Emil Brunner

1889-1966. Swiss theologian. One of the most influential scholars of the interwar years, he enjoyed an international reputation through lecture tours and translations of his writings. After a pastorate at Obstalden (1916-24) he was professor of systematic and practical theology at Zurich (1924-53). In retirement he still traveled, spending two years in Japan as professor of Christian philosophy at the International Christian University of Tokyo (1953-55).

Brunner has long been thought of as a less extreme colleague of Barth* who parted company over natural theology in the 1930s. In fact, despite similarities, Brunner's approach was largely independent. He came from a Christian background. His early thought was influenced by the Christian Socialism of H. Kutter and L. Ragaz. But World War I caused him to reappraise his ideas in the light of the message of Christ. This he did independently of Barth. Among his early publications was a critique of Schleiermacher,* Die Mystik und das Wort (1924), which stressed the priority of divine revelation over human knowledge, reason, and experience. The Mediator (1927: ET 1934) was the first presentation of the doctrine of Christ in terms of Dialectical Theology.* Brunner saw the Gospel as an exposition of the First Commandment. Without Christ's fulfillment in the Gospel this commandment would be unreal and unintelligible. Christ comes as the one who has fulfilled the law, as mediator, revealer, and reconciler. Faith is essentially obedience. Christ's mediatorship is the basis of the Christian ethic. Only in the Mediator do we know ourselves as we really are. Only in Him is the will of God known as love. Only in Him is it possible to see and love one's neighbor. Only in Him is our arrogant self-will broken and God honored. Only through faith in justification does the good become a reality instead of a mere postulate. Only through faith in Christ, the Mediator, does man gain a really ethical relation to historical reality.

Brunner's thought was deeply influenced by Kierkegaard's* dialectic and Martin Buber's* I-Thou concept. He saw revelation essentially in terms of personal encounter with God who communicates Himself. Brunner opposed both altruistic, theological liberalism and evangelical orthodoxy with its concept of revealed truth. The ground of his objection to the latter-that God Himself is a personal subject who cannot be reduced to an object-draws attention to a truth. But it causes difficulty when it is asked how Brunner's view compares with Scripture and how one can speak meaningfully of God and revelation on Brunner's premises. He regarded Scripture as somehow normative, though not above criticism. Revelation is always indirect. It is even mythical in form, but this is necessary because of the incommensurability of Creator and creature. Brunner felt no tension between his stress on revelation and a positive attitude to culture and philosophy. Unlike Barth, he believed in an already existing point of contact between the Gospel and non- Christian man. He pleaded for a positive reformed attitude to natural theology, though he failed to state convincingly what would be involved in it.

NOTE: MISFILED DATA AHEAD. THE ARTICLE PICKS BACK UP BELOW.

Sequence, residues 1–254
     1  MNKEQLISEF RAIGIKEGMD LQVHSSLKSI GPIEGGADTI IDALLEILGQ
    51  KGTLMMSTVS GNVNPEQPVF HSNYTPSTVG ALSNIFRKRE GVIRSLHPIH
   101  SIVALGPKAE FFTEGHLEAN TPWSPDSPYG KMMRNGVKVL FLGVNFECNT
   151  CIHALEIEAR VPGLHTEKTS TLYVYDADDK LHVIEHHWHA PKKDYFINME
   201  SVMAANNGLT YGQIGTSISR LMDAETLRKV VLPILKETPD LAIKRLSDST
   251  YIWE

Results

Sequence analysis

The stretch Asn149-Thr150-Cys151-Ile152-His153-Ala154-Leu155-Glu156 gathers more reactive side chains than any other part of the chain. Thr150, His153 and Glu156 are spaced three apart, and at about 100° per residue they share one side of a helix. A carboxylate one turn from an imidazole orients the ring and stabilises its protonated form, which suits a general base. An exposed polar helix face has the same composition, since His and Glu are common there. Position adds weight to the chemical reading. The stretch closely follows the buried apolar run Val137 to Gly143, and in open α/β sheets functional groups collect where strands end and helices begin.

The church is the fellowship in faith and love of those who believe in Christ and is therefore the presupposition of faith. There is, however, the constant danger of institutionalism. In his treatment of eschatology Brunner has sought to get rid of what he regarded as the inadequate temporal conceptions of orthodoxy. Though he rejected the “realized eschatology” of Dodd,* he insisted that the existence of a hell has no place in the Christian hope. Brunner regarded Communism as “an anti- religion without God” in which all the elements of antichrist are present. .

His writings include The Divine Imperative (1932; ET 1937); Man in Revolt (1937; ET 1939); Justice and the Social Order (1943; ET 1945); Our Faith (1935; ET 1936); Christianity and Civilization (2 vols., 1948-49); Revelation and Reason (1941; ET 1947); The Divine-Human Encounter (1938; enlarged as Truth as Encounter, ET 1954); Dogmatics (3 vols., 1946-60; ET 1949-62); and with Karl Barth, Natural Theology (1934; ET 1954).

The Theology of Emil Brunner (ed. C.W. Kegley, 1962) contains an autobiography by Brunner, seventeen studies on him, Brunner's reply, and an exhaustive bibliography. Other studies include P.K. Jewett, Emil Brunner's Concept of Revelation (1954); P.G. Schrotenboer, A New Apologetics, an Analysis and Appraisal of the Eristic Theology of Emil Brunner (1955); and “Emil Brunner” in P.E. Hughes (ed.)., Creative Minds in Contemporary Theology (2nd ed., 1969), pp. 99- 130.